Can I Use an Online Will Maker or Do I Need an Attorney?

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People don’t like thinking about death or becoming incapacitated. But especially if you have assets or children, it’s important to decide what you want to happen after you’re gone.

However, you get to choose whether to use an online will maker or to hire an attorney that specializes in estate planning. You want to balance cost and time with effectiveness. So which choice makes sense for you?

That’s what a listener of the Clark Howard Podcast recently asked.

When Is It OK To Use an Online Will Maker?

Do I need to hire an attorney to create a living will and to set up power of attorney? Or am I OK to use an online will maker?

That’s what a Clark listener asked on the May 18 podcast episode.

Asked Judi in Georgia: “In preparing my will, power of attorney, etc. (advanced directives), is it OK to use an online service such as LegalZoom as opposed to an attorney? I am speaking about simple documents.”

Some people can get away with using one of the best online will makers, Clark says.

“Lawyers that specialize in wills, estates and trusts cringe every time I even attempt to answer this question,” Clark says. “Because the answer to them is [everyone needs] to hire a lawyer.

“If you don’t have a good story the neighbors can gossip about because you’ve got a very simple life, you work for a company, there’s not a whole bunch of extraneous things going on, doing your own will is OK.”

Clark also pointed out that his favorite online will maker is WillMaker, calling it a great product to create your own will.

List of Reasons To Avoid Using an Online Will Maker

What would constitute a complex situation? What reasons would create a need for you to hire an attorney in Clark’s estimation?

  • A blended family.
  • You own your own business.
  • You’ve got a lot of money.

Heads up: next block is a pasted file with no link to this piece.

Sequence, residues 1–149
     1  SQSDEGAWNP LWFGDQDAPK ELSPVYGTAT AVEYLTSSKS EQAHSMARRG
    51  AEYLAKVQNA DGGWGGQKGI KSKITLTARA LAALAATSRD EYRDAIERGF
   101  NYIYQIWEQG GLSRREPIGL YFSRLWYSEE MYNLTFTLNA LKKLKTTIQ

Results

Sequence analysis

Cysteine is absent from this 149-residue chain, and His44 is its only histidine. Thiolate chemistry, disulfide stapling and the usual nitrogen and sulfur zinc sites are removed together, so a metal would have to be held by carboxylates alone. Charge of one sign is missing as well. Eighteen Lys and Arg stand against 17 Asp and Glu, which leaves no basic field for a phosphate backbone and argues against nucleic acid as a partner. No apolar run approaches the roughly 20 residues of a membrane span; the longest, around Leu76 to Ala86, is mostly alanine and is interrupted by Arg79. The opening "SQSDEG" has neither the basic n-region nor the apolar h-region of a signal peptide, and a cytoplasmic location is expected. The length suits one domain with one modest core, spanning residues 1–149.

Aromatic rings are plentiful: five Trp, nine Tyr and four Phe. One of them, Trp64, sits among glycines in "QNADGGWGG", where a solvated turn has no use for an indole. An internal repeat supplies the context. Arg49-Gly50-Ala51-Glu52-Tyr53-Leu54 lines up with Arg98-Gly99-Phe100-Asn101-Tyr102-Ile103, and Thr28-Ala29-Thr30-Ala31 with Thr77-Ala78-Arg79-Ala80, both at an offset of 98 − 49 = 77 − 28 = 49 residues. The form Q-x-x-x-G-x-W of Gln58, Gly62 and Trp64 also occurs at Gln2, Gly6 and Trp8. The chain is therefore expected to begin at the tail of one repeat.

• Your children don’t get along.

“A blended family would be way up high on the list,” Clark says. “Because there’s complexities involved with drafting a will when it’s a blended family that make [creating your own will] not a good choice.

“Or if you have kids and there’s assets that they would hope to receive [but they] don’t get along. That would be a great circumstance where you would not want to do a will on your own.”


Why You Don’t Want To Die Without a Will if You Have Kids

Have children but don’t have considerable assets? You may think it’s not necessary to create a will.

That could create major issues for your children, Clark says. So you need a will even if you don’t have any assets to pass down.

“It’s important that you have a will to state who you want to raise your children in the event of your untimely demise,” Clark says. “You die without a will? Imagine your state deciding who raises your kids.

“Many states now have statutory medical directives. What used to be called living wills. Now they’re generally referred to as medical directives. And so there will be a state requirement for those and if you don’t do one of those, you’ve got issues at the time you become incapacitated.”

Do You Need a Lawyer for Medical Power of Attorney?

Similar rules apply to whether you need an attorney to create “power of attorney” for healthcare and other similar things.

“For the medical power of attorney or medical directives, it may be state statute required. Meaning there’s a state form that is easily available at a state website or just by searching ‘medical directive state of Georgia,'” Clark says.

“Georgia is a state-required directive. It’s a state-specific form. And for people who live in more than one state, a lot of people may live part-time in one state, they should probably have a directive in the other state as well.”

Final Thoughts

Clark likes WillMaker to create an online will on your own. If you have a simple family and business situation, and you’re not wealthy, he thinks creating a will through one of the best online options can be a suitable choice.

However, if you fit any of the criteria listed in this article, you should consider hiring an attorney.

Make sure you create a will if you’re a parent even if you don’t have any assets, Clark says. And check with your state rules on whether you need to fill out a legal form in order to grant power of attorney if you’re medically incapacitated.